MOA Reticle @ 100 Yards

This scope's reticle has one-MOA tick marks. Our round landed 3 MOA right and 2 MOA high. At 100 yards, that's an easy translation: We need to adjust our scope 3" right and 2" up. On a quarter-click (four clicks per MOA) turret, that translates into 12 clicks right and 8 clicks up.

MOA Reticle @ 25 Yards

At 25 yards, one MOA is 0.25". The round landed about 5 MOA (1.25") low and 2 MOA (0.50") left. With 0.25-MOA turrets, that translates into 20 clicks down and 8 clicks left to zero POA with POI.

MRAD Reticle @ 100 meters

MRAD scopes use reticles with subtensions that look identical to MOA subtensions. In this case, they're called "mil dots." Our round landed 4 mils right and 2.5 mils low. At 100 meters that translates into 14.4" rights and 9" low. With 0.1-mil turrets, you would need to adjust right 160 clicks and down 100 clicks.

MRAD Reticle @ 25 meters

Using our mil dots to subtend, we see the round landed 4 mils left and 4 mils high. At 25 meters, this translates into 3.6" left and 3.6" high. With 0.1-mil turrets, that translates into 40 clicks left and up to zero POA with POI. 

Zeroing Without a Reticle

Not all scopes have mil dots or MOA subtensions, and iron sights and red dots obviously don't either. So, how do you zero your rifle or pistol's other, not-so-fancy gunsights? It all depends on the targets you're shooting at. In this case, we replace our subtensions and dots with physical grid squares and markings on the target itself.

Depending on how your iron sights or optics adjust (mils or MOA), you'll need to select a Rifle Sighting Target with either 1" or 1cm grid squares. Simply plant your target at a known distance -- again, likely 25 yards or 100 yards -- and start getting rounds on target. Instead of using a reticle to measure the distance between POA and POI, the grid squares on the target measure for you. Aim center-mass, and figure out how many grid squares off-center your round landed. Then you can calculate how much you need to click your front or rear iron sights or red dot in the appropriate up/down and left/right directions. 

Zeroing by Bore Sight

If you're struggling to put rounds on paper or you don't have a fancy reticle or Sighting Targets, there is still a third way to get your POA and POI matched up. Boresighting is the practice of aligning the scope, optic, or gunsight with the bore by literal sight .

Naked Eye Boresighting

How does it work? Boresighting with the naked eye is easy: Pull the bolt out of your rifle's chamber and look through the receiver so you can see through the barrel and downrange. Align the barrel with a fixed point of reference at a distance of about 25 to 50 yards. The smaller and farther away the object, the better. Then you can align the optic with that same object, which should bring POA close to POI. This will not get you an effective zero, but it will help you get rounds on target if your POA is way off.

Laser Boresight

Laser boresights can get an effective zero up to 100 yards away without ever firing a live round. The laser boresight uses a pen- or cartridge-shaped laser which sits inside the chamber or at the muzzle's opening. The laser replicates point of impact of a live round with a red or green beam, which provides a point of reference to align your optic.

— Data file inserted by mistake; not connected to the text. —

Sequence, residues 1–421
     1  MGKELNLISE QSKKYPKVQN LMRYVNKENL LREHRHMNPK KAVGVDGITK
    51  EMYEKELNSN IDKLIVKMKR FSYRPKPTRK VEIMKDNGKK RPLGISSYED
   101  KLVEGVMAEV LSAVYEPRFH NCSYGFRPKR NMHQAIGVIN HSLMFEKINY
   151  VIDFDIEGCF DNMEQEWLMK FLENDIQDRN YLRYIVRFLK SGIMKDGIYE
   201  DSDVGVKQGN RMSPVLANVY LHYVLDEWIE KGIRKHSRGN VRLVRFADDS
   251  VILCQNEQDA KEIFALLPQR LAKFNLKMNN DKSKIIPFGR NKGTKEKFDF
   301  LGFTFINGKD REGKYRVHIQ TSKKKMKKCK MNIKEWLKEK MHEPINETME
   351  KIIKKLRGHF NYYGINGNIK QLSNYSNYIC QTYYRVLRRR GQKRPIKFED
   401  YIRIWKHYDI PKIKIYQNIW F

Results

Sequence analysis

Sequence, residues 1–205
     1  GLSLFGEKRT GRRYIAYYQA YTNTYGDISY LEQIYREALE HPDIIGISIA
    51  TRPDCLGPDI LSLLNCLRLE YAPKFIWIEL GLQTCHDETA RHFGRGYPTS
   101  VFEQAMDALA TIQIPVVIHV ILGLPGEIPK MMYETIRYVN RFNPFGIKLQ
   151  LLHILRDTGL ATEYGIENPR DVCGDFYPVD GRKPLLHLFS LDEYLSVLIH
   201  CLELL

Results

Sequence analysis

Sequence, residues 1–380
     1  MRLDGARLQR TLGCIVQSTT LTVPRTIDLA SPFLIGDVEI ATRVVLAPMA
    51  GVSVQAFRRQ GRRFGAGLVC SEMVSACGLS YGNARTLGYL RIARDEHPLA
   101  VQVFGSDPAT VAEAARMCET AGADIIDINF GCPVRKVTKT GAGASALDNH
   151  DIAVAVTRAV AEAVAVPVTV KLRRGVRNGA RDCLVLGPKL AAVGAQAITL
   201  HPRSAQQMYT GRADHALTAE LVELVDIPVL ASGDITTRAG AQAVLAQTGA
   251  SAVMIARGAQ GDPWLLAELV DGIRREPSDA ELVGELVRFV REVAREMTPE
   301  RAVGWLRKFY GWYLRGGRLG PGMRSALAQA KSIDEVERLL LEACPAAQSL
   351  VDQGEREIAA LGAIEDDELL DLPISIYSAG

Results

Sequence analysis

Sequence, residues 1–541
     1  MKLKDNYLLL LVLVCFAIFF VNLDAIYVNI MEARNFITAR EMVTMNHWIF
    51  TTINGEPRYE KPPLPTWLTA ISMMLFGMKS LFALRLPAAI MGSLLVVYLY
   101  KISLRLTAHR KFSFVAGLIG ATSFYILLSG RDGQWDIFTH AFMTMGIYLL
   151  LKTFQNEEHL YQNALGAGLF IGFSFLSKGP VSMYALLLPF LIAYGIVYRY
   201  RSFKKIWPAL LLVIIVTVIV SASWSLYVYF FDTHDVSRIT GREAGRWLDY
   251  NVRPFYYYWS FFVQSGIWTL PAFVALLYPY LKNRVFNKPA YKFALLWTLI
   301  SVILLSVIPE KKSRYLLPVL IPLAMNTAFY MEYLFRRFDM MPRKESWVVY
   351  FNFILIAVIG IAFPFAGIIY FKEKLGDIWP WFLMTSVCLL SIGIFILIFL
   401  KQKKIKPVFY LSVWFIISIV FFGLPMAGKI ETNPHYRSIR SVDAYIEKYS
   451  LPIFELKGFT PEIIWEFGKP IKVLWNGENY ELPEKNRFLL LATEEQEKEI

Boresighting is great because it doesn't even require calculations. You don't need subtensions or grids on a target. Just adjust the reticle until it matches the position of the laser beam, and you're ready to load a magazine and send some rounds downrange. You may need to fine-tune your final zero after boresighting, because the position of the laser can vary slightly from the exact position of the bore.

The Best Distance to Zero

(Spoilers, it's 25 yards)

Picking what distance to zero your rifle at can be difficult because different distances affect the overall arch of the bullet as it travels. The goal is to pick a zero distance that affords the most "point-black" shooting across multiple distances. That is, firing at a set distance will result in POA perfectly (or almost perfectly) matching POI without any on-the-fly adjustments.

By zeroing at 25 yards, the bullet trajectory for most .22- and .30-caliber centerfire rifle cartridges remains relatively flat for a substantial distance: Your rounds will typically land just 1.5" to 2.5" high at 100 yards, and POA will nearly match POI (less than 1" difference) at 200 yards. This is a perfect bullet trajectory for personal defense, close-quarters shooting, recreational range time, and hunting. Most indoor and pistol shooting ranges are 25 yards, too. It's convenient to pick this zero because it can be used for all your long guns and handguns.


Now you should have a basic understanding of why it's important to zero your rifle scope and other gunsights, and how it works. Here's a quick cheat sheet with the most important info:

  • Zeroing is adjusting point of aim (POA) so it matches point of impact (POI) at a known distance.
  • Two ballistic data systems are available: Minute of angle (MOA), and Milliradians (MRAD/mils).
  • MOA and MRADs/mils calculate POA vs. POI with equidistant reticle marks called subtensions.
  • 1 minute of angle subtension equals 1" at 100 yards, 2" at 200 yards, and so on.
  • 1 mil subtension equals 1cm at 100 meters, 2cm at 200 meters yards, and so on.
  • Most MOA turrets provide 1/4-MOA adjustments.
  • Most Mil/MRAD turrets provide 0.1-mil adjustments.
  • The best (and easiest) distance to zero at is at 25 yards.
  • If your sights don't have subtensions, buy Sighting Targets.
  • Targets come with either 1" or 1cm grid squares for zeroing.